Sign up for our daily briefing

Make your busy days simpler with Axios AM/PM. Catch up on what's new and why it matters in just 5 minutes.

Please enter a valid email.

Please enter a valid email.

Subscription failed
Thank you for subscribing!

Catch up on coronavirus stories and special reports, curated by Mike Allen everyday

Catch up on coronavirus stories and special reports, curated by Mike Allen everyday

Please enter a valid email.

Please enter a valid email.

Subscription failed
Thank you for subscribing!

Denver news in your inbox

Catch up on the most important stories affecting your hometown with Axios Denver

Please enter a valid email.

Please enter a valid email.

Subscription failed
Thank you for subscribing!

Des Moines news in your inbox

Catch up on the most important stories affecting your hometown with Axios Des Moines

Please enter a valid email.

Please enter a valid email.

Subscription failed
Thank you for subscribing!

Minneapolis-St. Paul news in your inbox

Catch up on the most important stories affecting your hometown with Axios Twin Cities

Please enter a valid email.

Please enter a valid email.

Subscription failed
Thank you for subscribing!

Tampa Bay news in your inbox

Catch up on the most important stories affecting your hometown with Axios Tampa Bay

Please enter a valid email.

Please enter a valid email.

Subscription failed
Thank you for subscribing!

Charlotte news in your inbox

Catch up on the most important stories affecting your hometown with Axios Charlotte

Please enter a valid email.

Please enter a valid email.

Subscription failed
Thank you for subscribing!

Please enter a valid email.

Please enter a valid email.

Subscription failed
Thank you for subscribing!

Illustration: Aïda Amer/Axios

There's a reckoning coming over fakeness online, as people increasingly realize the dangers of an online ecosystem where everything is definitely not all right.

The big picture: "Everything that once seemed definitively and unquestionably real now seems slightly fake; everything that once seemed slightly fake now has the power and presence of the real," Max Read writes for New York Magazine.

  • "How much of the internet is fake? Studies generally suggest that, year after year, less than 60 percent of web traffic is human; some years, according to some researchers, a healthy majority of it is bot."
  • "The internet has always played host in its dark corners to schools of catfish and embassies of Nigerian princes, but that darkness now pervades its every aspect."

Why it matters: Legit media companies and businesses need to be making decisions for their human customers. That gets harder for everyone when bots and fake metrics swamp the internet.

A partial list of fake things online, compiled by NYMag:

  • Metrics: Facebook is being sued over how its video view count is measured.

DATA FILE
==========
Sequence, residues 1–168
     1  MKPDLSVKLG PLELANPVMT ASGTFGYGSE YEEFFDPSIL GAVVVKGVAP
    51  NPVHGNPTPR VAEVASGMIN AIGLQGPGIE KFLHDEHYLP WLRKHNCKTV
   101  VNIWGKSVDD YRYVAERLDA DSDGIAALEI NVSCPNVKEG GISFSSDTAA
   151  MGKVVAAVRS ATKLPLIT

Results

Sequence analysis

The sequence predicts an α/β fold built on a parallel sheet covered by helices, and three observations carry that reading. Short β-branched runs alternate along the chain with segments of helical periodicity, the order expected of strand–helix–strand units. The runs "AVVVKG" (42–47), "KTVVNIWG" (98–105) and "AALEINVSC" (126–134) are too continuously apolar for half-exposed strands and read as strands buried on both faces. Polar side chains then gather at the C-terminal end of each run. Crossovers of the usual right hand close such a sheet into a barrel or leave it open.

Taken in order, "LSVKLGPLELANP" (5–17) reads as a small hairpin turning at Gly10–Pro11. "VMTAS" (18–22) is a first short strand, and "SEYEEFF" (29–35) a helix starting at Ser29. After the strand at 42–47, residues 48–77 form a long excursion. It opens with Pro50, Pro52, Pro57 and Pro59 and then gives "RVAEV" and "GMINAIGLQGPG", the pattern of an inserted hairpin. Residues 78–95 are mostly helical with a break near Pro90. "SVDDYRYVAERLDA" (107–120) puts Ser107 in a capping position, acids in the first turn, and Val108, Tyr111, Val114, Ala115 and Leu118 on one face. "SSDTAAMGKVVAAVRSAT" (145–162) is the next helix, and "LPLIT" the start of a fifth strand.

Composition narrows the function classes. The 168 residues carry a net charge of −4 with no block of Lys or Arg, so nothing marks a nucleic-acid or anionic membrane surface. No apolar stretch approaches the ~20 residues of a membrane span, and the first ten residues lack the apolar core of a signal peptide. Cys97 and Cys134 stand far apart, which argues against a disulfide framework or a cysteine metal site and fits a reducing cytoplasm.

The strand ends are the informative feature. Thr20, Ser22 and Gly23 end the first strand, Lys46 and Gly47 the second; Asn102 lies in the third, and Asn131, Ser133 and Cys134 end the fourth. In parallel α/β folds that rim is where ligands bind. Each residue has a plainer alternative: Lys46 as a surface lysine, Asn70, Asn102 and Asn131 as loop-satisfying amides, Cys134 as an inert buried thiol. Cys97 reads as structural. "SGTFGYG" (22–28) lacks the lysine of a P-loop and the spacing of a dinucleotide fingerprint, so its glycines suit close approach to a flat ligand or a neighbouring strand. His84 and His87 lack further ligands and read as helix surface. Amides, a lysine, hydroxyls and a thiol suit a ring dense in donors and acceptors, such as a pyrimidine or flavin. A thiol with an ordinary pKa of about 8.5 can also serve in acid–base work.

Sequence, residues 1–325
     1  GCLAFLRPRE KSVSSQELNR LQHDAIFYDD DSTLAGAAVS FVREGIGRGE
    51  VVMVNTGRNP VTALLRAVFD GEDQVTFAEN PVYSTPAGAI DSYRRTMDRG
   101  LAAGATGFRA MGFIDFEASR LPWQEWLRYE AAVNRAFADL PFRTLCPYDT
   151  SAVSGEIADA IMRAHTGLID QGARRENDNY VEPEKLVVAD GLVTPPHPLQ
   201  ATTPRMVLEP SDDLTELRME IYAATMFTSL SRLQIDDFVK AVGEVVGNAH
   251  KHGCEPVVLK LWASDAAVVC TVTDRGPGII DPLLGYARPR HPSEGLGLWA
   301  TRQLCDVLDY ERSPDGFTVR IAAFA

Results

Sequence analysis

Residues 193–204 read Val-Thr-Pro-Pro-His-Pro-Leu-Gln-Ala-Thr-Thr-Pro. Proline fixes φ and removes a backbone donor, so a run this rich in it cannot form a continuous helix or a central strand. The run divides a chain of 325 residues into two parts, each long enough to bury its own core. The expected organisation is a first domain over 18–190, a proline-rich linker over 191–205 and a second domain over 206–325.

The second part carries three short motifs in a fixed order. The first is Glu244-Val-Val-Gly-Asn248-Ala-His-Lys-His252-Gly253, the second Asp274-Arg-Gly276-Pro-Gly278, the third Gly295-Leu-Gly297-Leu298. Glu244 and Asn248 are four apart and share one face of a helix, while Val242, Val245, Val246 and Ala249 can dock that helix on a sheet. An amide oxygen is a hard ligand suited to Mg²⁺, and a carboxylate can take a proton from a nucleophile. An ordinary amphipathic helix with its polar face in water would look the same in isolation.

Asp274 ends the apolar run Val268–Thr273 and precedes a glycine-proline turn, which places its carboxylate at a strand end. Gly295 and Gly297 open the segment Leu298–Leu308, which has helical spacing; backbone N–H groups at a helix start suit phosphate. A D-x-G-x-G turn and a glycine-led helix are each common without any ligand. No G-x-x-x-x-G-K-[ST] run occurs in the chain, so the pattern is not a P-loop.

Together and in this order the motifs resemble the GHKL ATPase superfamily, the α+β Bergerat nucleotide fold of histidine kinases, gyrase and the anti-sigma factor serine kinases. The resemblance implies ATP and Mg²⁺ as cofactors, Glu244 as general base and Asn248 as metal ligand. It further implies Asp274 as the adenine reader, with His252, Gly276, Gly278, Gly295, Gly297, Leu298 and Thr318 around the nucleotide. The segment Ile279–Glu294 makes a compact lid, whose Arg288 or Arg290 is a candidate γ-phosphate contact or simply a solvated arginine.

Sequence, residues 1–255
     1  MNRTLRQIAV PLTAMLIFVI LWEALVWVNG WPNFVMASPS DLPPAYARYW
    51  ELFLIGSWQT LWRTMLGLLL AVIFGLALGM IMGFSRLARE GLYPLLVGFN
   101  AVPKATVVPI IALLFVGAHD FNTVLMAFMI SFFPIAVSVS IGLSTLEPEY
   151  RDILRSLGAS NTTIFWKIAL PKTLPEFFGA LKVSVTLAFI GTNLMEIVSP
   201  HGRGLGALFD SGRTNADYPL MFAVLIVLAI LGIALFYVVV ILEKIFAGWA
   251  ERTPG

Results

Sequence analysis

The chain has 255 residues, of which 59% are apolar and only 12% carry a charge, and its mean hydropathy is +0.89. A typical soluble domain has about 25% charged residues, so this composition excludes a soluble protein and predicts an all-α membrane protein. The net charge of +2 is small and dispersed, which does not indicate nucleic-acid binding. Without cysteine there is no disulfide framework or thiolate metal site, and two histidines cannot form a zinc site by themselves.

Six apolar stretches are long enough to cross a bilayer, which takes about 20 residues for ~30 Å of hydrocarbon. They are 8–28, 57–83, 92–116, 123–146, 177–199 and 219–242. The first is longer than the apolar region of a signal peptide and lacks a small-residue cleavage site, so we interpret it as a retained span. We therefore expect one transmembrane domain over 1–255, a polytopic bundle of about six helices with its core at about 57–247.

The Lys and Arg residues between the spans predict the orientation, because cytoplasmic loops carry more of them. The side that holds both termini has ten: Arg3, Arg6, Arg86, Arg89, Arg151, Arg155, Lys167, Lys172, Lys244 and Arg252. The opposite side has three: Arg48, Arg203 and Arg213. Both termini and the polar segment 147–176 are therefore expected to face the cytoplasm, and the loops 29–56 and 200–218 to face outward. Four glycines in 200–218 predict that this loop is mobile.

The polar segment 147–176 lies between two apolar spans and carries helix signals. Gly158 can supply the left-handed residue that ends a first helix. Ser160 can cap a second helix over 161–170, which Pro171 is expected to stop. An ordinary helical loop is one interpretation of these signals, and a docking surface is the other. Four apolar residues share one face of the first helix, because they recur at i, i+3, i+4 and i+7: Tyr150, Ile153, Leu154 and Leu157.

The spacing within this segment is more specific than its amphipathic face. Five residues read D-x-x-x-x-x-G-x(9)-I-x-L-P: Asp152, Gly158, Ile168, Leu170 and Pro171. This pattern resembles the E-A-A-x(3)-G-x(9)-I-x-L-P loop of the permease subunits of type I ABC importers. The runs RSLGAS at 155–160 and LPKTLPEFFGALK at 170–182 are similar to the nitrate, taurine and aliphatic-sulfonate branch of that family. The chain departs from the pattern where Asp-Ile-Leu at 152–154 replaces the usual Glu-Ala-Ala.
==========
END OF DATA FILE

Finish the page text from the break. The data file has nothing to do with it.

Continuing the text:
• People: Faked video views, sold by the thousands, and "click farms" where phones and computers are controlled to watch content or visit sites.
  • Content: On the benign side, you can find YouTube videos with versions of popular children's characters like Elsa from "Frozen." On the malignant side, there are "deepfakes" that will blur the line of reality.

Be smart, from some of my Axios colleagues:

  • Tech editor Scott Rosenberg: "Fake metrics" have always been with us — from print circulation figures, which were always inflated, to the infamously unreliable Nielsen box. Fake is cheaper than ever online so there's more of it, but so much of it is a shadow-puppet play being performed in the ad marketplace with very little actual impact on users. (But lots on businesses.)
  • Rameez Tase, VP of Audience Development & Insights: "Much of the ecosystem is built on false premises: People create fake news to get fake traffic, reinforced by fake metrics, predicated on business models that don't work. Then it seeps into real-life discourse, where people discuss fake news as if it's real."

Go deeper, via Axios' Sara Fischer, who writes our weekly Media Trends newsletter:

Go deeper

DOJ watchdog to probe whether officials sought to alter election results

Donald and Melania Trump exit Air Force One in West Palm Beach, Fla., on Jan. 20. Photo: Alex Edelman/AFP via Getty Images

The Justice Department's inspector general will investigate whether any current or former DOJ officials "engaged in an improper attempt to have DOJ seek to alter the outcome" of the 2020 election, the agency announced Monday.

Driving the news: The investigation comes in the wake of a New York Times report that alleged Jeffrey Clark, the head of DOJ's civil division, had plotted with President Trump to oust acting Attorney General Jeffery Rosen in a scheme to overturn the election results in Georgia.

2 hours ago - Podcasts

Google's chief health officer Karen DeSalvo on vaccinating America

Google on Monday became the latest Big Tech company to get involved with COVID-19 vaccinations. Not just by doing things like incorporating vaccination sites into its maps, but by helping to turn some of its offices and parking lots into vaccination sites.

Axios Re:Cap goes deeper into what Google is doing, and why now, with Dr. Karen DeSalvo, Google's chief health officer who previously worked at HHS and as health commissioner for New Orleans.

Biden signs order overturning Trump's transgender military ban

Photo: Tom Brenner/Getty Images

President Biden signed an executive order on Monday overturning the Trump administration's ban on transgender Americans serving in the military.

Why it matters: The ban, which allowed the military to bar openly transgender recruits and discharge people for not living as their sex assigned at birth, affected up to 15,000 service members, according to tallies from the National Center for Transgender Equality and Transgender American Veterans Association.